David Bourget (Western Ontario)
David Chalmers (ANU, NYU)
Rafael De Clercq
Jack Alan Reynolds
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Oxford University Press (2001)
Tim Mulgan presents a penetrating examination of consequentialism: the theory that human behavior must be judged in terms of the goodness or badness of its consequences. The problem with consequentialism is that it seems unreasonably demanding, leaving us no room for our own aims and interests. In response, Mulgan offers his own, more practical version of consequentialism--one that will surely appeal to philosophers and laypersons alike.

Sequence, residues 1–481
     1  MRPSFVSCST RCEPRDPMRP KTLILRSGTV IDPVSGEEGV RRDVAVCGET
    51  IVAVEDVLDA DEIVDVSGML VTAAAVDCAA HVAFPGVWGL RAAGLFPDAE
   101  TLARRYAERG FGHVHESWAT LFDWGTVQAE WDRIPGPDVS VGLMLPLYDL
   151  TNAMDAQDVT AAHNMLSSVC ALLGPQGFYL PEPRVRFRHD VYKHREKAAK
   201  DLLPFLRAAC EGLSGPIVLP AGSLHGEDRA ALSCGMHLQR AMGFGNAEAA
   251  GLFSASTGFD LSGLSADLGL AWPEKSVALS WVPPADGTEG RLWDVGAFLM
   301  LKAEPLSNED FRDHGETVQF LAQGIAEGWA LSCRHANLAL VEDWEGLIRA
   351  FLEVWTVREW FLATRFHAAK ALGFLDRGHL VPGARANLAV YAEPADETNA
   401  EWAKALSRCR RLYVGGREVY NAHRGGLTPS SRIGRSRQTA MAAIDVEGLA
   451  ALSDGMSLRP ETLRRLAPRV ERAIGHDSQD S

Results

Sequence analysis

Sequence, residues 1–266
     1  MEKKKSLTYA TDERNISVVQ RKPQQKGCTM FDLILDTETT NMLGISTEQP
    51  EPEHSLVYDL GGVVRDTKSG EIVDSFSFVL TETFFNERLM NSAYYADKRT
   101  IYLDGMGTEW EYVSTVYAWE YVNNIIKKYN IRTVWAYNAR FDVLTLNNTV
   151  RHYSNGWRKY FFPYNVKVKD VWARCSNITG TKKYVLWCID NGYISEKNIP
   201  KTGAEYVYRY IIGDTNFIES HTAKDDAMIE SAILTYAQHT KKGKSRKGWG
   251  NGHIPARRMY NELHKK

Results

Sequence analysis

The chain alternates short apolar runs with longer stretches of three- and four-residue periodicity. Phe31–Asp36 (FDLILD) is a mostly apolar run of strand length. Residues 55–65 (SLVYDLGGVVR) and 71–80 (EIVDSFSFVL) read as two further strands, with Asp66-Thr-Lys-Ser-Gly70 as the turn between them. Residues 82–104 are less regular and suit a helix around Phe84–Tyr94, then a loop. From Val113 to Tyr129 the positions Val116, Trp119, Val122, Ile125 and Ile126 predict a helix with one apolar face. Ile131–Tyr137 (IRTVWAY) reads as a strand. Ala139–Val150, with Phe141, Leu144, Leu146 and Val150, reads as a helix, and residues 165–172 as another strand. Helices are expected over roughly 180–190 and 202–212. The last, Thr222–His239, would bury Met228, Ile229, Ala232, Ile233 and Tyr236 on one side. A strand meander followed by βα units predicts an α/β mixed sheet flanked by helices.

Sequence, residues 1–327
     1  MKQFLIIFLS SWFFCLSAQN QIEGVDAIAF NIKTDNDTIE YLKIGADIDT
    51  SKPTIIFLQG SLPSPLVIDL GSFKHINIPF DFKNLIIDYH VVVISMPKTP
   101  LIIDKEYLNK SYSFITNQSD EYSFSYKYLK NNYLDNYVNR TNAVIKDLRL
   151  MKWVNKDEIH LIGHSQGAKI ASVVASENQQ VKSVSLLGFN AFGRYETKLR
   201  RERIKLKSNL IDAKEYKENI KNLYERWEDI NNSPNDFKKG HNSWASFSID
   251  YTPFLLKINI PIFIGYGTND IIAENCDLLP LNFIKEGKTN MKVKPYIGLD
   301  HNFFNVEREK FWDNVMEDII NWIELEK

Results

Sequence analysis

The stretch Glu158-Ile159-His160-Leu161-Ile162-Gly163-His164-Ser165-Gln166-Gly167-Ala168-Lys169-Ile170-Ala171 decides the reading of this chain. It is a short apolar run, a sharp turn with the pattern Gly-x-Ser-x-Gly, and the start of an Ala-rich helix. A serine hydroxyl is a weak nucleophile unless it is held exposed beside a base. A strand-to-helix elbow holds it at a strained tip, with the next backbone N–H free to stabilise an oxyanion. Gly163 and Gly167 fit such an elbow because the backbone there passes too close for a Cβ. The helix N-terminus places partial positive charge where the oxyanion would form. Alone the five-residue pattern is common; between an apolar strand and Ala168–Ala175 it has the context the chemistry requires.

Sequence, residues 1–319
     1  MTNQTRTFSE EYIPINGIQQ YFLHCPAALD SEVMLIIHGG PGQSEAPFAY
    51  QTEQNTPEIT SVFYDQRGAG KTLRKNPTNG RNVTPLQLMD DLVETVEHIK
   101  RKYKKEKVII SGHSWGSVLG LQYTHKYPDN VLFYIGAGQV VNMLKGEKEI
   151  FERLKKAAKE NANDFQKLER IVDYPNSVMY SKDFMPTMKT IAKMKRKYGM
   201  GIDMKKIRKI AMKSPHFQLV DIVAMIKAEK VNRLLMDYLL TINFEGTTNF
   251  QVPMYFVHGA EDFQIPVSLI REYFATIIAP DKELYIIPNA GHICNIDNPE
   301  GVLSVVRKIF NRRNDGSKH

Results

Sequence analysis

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Holly M. Smith (2010). Subjective Rightness. Social Philosophy and Policy 27 (2):64-110.
Stephen E. Harris (2015). Demandingness, Well-Being and the Bodhisattva Path. Sophia 54 (2):201-216.
Timothy Chappell (2007). Integrity and Demandingness. Ethical Theory and Moral Practice 10 (3):255 - 265.
Paul C. Snelling (2012). Challenging the Moral Status of Blood Donation. Health Care Analysis (4):1-26.
Jay Odenbaugh (forthcoming). Nothing in Ethics Makes Sense Except in the Light of Evolution? Natural Goodness, Normativity, and Naturalism. Synthese:1-25.
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